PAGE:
If the sins of Capitalists were paid for only by Capitalists then all of these laissez-faire arguments might make some sense.

As a matter of fact for every Capitalist who fails and is reduced to poverty there are scores of other Capitalists, equally foolish and dishonest, who dodge the bullet and live in relative wealth and prosperity.

At the same time there are thousands of ordinary workers and investors whose main crime was being unlucky enough to take a job from or place trust in the scoundrels.

Then some clown like Rinholtz comes along with 20 20 hindsight and preaches to us about what we should have done and why it is all our fault.

At which point a situation that was merely purgatorial becomes really hellish.


Every time I hear someone from Moody's talking ratings on the Bloomberg channel, I think FRAUD in capital letters. Everyone else I have discussed this with, granted a small sample, reacts similarly.
You would think they would at least change their name to let us think that they think that we are not total idiots...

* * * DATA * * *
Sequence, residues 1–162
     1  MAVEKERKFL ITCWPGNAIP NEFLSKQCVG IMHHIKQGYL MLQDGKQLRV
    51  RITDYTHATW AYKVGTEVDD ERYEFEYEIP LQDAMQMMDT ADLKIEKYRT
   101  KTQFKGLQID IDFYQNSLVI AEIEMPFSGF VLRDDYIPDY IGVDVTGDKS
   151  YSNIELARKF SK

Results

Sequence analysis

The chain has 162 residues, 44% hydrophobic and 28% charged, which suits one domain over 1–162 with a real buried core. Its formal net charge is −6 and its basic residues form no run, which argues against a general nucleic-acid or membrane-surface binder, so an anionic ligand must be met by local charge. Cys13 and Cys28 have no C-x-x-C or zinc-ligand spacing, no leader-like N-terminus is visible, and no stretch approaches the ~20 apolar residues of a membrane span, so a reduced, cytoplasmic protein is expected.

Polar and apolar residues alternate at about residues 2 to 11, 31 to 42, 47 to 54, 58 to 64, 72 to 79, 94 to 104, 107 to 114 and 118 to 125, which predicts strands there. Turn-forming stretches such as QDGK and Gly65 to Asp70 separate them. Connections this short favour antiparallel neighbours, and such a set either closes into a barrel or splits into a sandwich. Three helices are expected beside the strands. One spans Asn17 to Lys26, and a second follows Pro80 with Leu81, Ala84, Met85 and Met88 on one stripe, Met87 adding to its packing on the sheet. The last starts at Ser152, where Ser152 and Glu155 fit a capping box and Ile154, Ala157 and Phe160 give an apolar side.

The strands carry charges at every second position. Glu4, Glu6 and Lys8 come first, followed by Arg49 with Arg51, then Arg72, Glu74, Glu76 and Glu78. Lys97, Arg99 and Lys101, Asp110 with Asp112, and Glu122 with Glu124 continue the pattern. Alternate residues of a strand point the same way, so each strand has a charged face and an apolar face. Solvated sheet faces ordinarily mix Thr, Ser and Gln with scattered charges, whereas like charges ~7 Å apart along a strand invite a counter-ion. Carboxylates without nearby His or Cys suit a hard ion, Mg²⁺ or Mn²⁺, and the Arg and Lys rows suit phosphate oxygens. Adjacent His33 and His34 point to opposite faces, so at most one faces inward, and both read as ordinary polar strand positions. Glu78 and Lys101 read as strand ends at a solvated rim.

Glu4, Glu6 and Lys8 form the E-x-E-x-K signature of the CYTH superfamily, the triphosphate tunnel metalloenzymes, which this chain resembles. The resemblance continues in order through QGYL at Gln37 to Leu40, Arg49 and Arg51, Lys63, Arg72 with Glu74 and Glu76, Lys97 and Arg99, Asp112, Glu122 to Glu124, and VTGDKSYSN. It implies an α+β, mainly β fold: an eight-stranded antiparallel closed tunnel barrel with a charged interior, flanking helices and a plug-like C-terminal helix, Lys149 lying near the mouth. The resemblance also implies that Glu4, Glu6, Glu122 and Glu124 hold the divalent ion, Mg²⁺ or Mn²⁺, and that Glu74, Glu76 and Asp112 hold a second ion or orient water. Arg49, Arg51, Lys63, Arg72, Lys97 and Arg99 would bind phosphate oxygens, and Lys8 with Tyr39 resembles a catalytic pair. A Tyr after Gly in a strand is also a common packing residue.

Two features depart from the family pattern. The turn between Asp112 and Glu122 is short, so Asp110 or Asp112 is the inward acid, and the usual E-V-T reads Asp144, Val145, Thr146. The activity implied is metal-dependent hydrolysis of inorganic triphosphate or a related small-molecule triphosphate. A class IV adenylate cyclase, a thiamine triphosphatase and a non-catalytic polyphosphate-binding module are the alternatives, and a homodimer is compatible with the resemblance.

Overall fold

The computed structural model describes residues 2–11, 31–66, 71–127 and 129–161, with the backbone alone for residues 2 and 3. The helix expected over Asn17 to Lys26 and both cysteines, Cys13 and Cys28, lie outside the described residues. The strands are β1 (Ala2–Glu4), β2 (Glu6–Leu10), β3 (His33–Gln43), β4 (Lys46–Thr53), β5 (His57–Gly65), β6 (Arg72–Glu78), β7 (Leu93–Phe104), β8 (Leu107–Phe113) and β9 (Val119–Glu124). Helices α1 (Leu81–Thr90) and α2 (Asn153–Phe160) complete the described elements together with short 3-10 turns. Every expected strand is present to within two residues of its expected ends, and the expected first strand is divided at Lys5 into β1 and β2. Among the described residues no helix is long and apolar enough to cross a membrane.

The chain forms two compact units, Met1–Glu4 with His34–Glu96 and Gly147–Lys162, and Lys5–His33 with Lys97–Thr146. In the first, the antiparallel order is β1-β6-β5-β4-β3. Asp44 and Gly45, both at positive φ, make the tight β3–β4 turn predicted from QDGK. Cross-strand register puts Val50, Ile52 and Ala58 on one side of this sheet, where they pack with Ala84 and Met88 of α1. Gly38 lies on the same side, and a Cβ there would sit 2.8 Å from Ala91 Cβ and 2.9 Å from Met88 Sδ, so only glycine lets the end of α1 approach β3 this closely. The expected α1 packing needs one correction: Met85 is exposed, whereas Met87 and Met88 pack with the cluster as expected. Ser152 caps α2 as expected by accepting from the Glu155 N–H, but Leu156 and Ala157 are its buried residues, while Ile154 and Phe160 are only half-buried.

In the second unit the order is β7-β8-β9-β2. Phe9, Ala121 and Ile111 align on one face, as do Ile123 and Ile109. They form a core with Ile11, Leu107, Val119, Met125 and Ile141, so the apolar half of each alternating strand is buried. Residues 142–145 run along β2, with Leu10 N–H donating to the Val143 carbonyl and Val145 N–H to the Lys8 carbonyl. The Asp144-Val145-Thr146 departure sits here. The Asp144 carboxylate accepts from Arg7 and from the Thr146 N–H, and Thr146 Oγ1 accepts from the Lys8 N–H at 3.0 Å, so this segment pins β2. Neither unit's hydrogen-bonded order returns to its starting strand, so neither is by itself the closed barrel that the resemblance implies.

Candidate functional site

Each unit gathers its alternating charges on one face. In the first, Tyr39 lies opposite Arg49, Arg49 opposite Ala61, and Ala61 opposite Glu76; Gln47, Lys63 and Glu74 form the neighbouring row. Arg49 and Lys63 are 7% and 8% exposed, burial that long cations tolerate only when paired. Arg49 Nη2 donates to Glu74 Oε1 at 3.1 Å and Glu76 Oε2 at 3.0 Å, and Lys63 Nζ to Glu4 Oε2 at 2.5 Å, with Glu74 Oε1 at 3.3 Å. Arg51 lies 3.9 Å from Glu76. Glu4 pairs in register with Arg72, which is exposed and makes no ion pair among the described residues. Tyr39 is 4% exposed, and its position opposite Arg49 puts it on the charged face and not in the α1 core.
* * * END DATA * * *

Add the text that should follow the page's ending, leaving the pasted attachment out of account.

I would love to hear his thoughts on the healthcare market. I've long held that the best way to reform the system would be to eliminate mandatory emergency care. How are you supposed to price a service that must be given for free to the person who is unable to pay?

If eliminating emergency room access is unpalatable to most Americans, then it's time that they admitted it, and accepted that there must be even greater government intervention in that market to enable the coverage that we think everyone in the country deserves.


@ "Bailout Nation is a lament for the early days of our country, a system that was both ruthless and ruthlessly efficient, a system that no longer exists in the United States."

That system is alive and well for individuals.

For example, the issuances of millions of subprime loans from 2003 to 2007 grossly inflated housing prices and constituted a system-wide market manipulation. It was nothing but a classic pump-'n'-dump scheme. Potential home purchasers during that period faced an impossible choice of paying grossly inflated purchase prices or renting. It isn't realistic or fair to say simply that "They should've rented," because a home isn't simply an "investment" or "asset," but rather is also -- and for many people primarily -- a place to live and raise a family. A family with children, for example, will have to give up significant quality of life for the children if it rents (no assurance of lease renewal, which puts kids in jeopardy for changing schools each year; no jungle gym; no tree house; no planting marigolds or string beans, no marking heights on the kitchen door jamb). So for quite a few prospective buyers, including those with excellent credit who wanted to purchase a modest home with a standard 30-year fixed mortgage, the grossly inflated home prices forced them into an extremely difficult position.